Pesto Rosso

August 9, 2010

Colors, like features, follow the changes of the emotions.
~Pablo Picasso

We are born voyeurs of sorts. We unabashedly crave the look-see.

Although the nervous system works as a wholly (though less than flawless) integrated entity, some cerebral areas are more focused on certain functions. So, researchers can distinguish the centers responsible for vision, hearing, touch, olfaction, taste and so forth.

The human cerebral cortex is notorious for its depth, irregularity and variability from one individual to the next. Anatomically minute, the cerebral cortex is only about 3-4 mm thick. Yet, it plays a pivotal role in memory, attention, perceptual awareness, thought, language, and consciousness.

Part of the cerebral cortex, the occipital lobe is located behind the parietal area, separated from the cerebellum right at the back of the skull. The smallest of all lobes, the primary business of this gray matter is visual perception and processing—differentiating colors, shapes, images. In particular, the Peristriate region of the occipital lobe is involved in visual and spatial processing, demarcation of movement and color discrimination.

Human color sensitivity is tripartite. Along with closely related primates and marsupials, we possess three independent channels for conveying color information, derived from three different optic cone types. There are three primary colors: red, yellow, and blue. They are the three pigment colors that cannot be made by mixing other hues and are mixed to create all other colors and tints. The number derives from the three types of color-discriminating receptor cells, called cone cells, in the human retina. The three cone varities have broadly overlapping ranges of sensitivity, and are designated according to the location of their peak sensitivities in the long, medium and short wavelengths of the color spectrum.

According to the subtractive theory of color, color is produced by pigment or combinations of pigment. Secondary colors are made by mixing two primary colors together, e.g., red and yellow to get orange. Tertiary colors are combinations of primary and secondary colors.

There are seven colors defining wavelengths of visible light: red, orange, yellow, green, blue, indigo, and violet. The color red is evoked by light consisting predominantly of the longest wavelengths of light discernible by the human eye and brain.

Red — a color that connotes anger, blood, embarassment, stop, ardor, shame, ferocity, courage, danger, frustration guilt, fire, hate, eroticism, hell, passion, sex, sin, debt.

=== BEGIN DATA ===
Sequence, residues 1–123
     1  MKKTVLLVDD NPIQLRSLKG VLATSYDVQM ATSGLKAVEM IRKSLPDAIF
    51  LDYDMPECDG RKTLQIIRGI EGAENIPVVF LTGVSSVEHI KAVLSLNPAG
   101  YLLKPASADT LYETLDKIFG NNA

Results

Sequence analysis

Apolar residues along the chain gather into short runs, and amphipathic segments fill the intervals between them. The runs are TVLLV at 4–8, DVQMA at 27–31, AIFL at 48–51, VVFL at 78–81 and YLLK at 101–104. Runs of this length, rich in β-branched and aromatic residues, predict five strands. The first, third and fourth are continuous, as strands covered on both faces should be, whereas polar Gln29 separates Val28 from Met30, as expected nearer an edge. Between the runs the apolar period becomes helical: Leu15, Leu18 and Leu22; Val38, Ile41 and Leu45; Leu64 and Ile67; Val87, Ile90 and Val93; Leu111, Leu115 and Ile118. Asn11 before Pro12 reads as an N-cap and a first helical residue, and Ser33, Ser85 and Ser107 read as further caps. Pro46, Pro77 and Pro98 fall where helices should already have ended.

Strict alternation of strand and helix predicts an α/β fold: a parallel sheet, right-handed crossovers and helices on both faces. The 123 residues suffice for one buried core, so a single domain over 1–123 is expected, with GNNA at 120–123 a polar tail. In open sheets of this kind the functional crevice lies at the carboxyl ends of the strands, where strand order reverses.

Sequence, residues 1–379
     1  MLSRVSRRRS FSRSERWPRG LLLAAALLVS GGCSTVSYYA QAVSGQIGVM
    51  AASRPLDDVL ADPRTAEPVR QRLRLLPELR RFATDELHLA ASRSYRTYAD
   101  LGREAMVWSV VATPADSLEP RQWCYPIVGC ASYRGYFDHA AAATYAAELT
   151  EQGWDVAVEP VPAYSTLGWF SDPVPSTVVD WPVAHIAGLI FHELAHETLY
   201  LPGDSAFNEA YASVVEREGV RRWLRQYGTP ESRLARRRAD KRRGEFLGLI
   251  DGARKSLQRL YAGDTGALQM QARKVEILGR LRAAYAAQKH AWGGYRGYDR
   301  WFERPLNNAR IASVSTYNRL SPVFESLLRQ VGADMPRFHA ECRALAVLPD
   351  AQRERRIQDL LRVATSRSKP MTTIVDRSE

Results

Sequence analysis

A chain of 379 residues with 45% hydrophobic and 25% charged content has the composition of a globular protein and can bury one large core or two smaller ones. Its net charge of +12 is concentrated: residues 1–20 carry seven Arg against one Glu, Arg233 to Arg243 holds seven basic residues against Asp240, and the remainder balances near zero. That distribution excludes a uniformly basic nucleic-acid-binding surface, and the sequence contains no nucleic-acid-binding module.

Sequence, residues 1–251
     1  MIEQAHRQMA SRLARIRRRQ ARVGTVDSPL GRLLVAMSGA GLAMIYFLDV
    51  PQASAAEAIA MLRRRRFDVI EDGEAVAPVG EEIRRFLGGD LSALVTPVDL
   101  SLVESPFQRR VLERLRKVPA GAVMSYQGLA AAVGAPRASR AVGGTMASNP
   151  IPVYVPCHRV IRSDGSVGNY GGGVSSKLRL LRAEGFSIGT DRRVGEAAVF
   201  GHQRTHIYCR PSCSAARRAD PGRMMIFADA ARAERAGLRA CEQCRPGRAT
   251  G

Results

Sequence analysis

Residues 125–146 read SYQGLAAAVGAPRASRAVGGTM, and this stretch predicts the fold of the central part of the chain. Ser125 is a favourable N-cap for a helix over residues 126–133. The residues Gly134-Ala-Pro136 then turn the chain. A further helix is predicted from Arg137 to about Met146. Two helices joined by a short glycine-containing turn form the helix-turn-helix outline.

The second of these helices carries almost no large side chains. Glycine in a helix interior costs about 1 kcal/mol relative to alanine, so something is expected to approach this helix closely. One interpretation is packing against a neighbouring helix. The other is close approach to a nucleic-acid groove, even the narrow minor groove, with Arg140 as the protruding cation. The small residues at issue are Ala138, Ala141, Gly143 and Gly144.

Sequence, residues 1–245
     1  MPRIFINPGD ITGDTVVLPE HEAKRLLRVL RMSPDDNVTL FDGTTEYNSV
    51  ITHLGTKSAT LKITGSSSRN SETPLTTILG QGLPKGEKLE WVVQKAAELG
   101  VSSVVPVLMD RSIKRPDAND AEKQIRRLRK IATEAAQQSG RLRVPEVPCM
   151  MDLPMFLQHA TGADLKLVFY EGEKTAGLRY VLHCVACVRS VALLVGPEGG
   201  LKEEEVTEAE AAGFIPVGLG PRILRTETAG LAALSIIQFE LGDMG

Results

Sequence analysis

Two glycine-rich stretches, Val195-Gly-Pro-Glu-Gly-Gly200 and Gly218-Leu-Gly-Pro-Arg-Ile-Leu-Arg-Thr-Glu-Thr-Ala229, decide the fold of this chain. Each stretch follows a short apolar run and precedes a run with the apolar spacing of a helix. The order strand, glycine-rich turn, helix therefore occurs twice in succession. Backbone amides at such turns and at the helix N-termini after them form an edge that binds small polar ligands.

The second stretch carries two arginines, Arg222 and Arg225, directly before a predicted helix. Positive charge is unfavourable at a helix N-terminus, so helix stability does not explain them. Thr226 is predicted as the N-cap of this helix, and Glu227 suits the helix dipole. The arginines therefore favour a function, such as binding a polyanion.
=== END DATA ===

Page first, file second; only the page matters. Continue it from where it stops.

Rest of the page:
Some plants, like tomatoes, are often colored by forms of carotenoids which are red pigments that were originally developed to assist photosynthesis.

SUNDRIED TOMATO PESTO

4 fresh, plump garlic cloves, chopped
6 T olive oil

1 C oil packed dried tomatoes, drained well
1/4 C parmigiano reggiano, grated
1/4 C pine nuts, roughly chopped
1/3 C fresh basil leaves
1 t balsamic vinegar

In a medium heavy saucepan sauté garlic in olive oil over meduim heat, stirring, until softened. Do not brown. Set aside and allow to cool. By pulsing, purée sun dried tomatoes, parmigiano reggiano, pine nuts, basil, vinegar, garlic and oil in a food processor fitted with the knife blade until pesto becomes a smooth paste.

OVEN ROASTED TOMATO PESTO

2 1/2 lbs cherry tomatoes (preferably heirloom), halved
1-2 T extra virgin olive oil

1/2 C pine nuts
6 fresh, plump garlic cloves, peeled and roughly chopped
1 T extra virgin olive oil

1 C total fresh basil leaves, chopped
4 T extra virgin olive oil divided
1/2 C parmigiano reggiano, grated
1 T balsamic vinegar
Sea salt and freshly ground black pepper to taste

Preheat oven to 250 F

Drizzle tomatoes with olive oil and place on an aluminum foil covered baking sheet, cut side up. Roast until slightly shriveled and wrinkly on the outside and juicy on the inside, about 2 1/2-3 hours. The time will vary depending on tomato size and ripeness. Set aside and allow to cool.

Meanwhile in a small dry skillet, toast the pine nuts until fragrant, about 3-4 minutes. Set aside to cool. Using the same skillet, sauté the garlic in olive oil until golden.

In a food processor fitted with a metal knife, add the oven roasted tomatoes, pine nuts, garlic, basil and olive oil. Pulse a few times until mixture is well combined. Scrape down the sides and then add the parmigiano reggiano and balsamic vinegar. Season with salt and pepper and pulse the mixture to a paste.

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